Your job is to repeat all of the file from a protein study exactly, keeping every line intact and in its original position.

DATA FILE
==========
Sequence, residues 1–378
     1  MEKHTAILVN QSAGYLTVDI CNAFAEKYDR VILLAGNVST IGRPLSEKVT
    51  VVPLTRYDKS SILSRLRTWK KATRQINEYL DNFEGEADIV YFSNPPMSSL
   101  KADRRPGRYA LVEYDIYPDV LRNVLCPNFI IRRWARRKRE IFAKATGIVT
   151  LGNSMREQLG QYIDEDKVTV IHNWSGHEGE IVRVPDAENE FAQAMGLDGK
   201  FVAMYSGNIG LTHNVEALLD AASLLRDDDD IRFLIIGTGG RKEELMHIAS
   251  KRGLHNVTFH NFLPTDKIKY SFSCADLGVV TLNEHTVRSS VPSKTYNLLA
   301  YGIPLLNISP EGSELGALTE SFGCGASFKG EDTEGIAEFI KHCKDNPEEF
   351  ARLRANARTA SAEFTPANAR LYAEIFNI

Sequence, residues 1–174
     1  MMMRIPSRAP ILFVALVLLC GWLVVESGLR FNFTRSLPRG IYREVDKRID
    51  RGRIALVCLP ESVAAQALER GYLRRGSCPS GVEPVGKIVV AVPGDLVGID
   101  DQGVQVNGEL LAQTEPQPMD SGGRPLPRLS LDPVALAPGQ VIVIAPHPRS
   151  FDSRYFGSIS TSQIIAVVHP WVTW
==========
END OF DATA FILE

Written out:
Sequence, residues 1–378
     1  MEKHTAILVN QSAGYLTVDI CNAFAEKYDR VILLAGNVST IGRPLSEKVT
    51  VVPLTRYDKS SILSRLRTWK KATRQINEYL DNFEGEADIV YFSNPPMSSL
   101  KADRRPGRYA LVEYDIYPDV LRNVLCPNFI IRRWARRKRE IFAKATGIVT
   151  LGNSMREQLG QYIDEDKVTV IHNWSGHEGE IVRVPDAENE FAQAMGLDGK
   201  FVAMYSGNIG LTHNVEALLD AASLLRDDDD IRFLIIGTGG RKEELMHIAS
   251  KRGLHNVTFH NFLPTDKIKY SFSCADLGVV TLNEHTVRSS VPSKTYNLLA
   301  YGIPLLNISP EGSELGALTE SFGCGASFKG EDTEGIAEFI KHCKDNPEEF
   351  ARLRANARTA SAEFTPANAR LYAEIFNI

Sequence, residues 1–174
     1  MMMRIPSRAP ILFVALVLLC GWLVVESGLR FNFTRSLPRG IYREVDKRID
    51  RGRIALVCLP ESVAAQALER GYLRRGSCPS GVEPVGKIVV AVPGDLVGID
   101  DQGVQVNGEL LAQTEPQPMD SGGRPLPRLS LDPVALAPGQ VIVIAPHPRS
   151  FDSRYFGSIS TSQIIAVVHP WVTW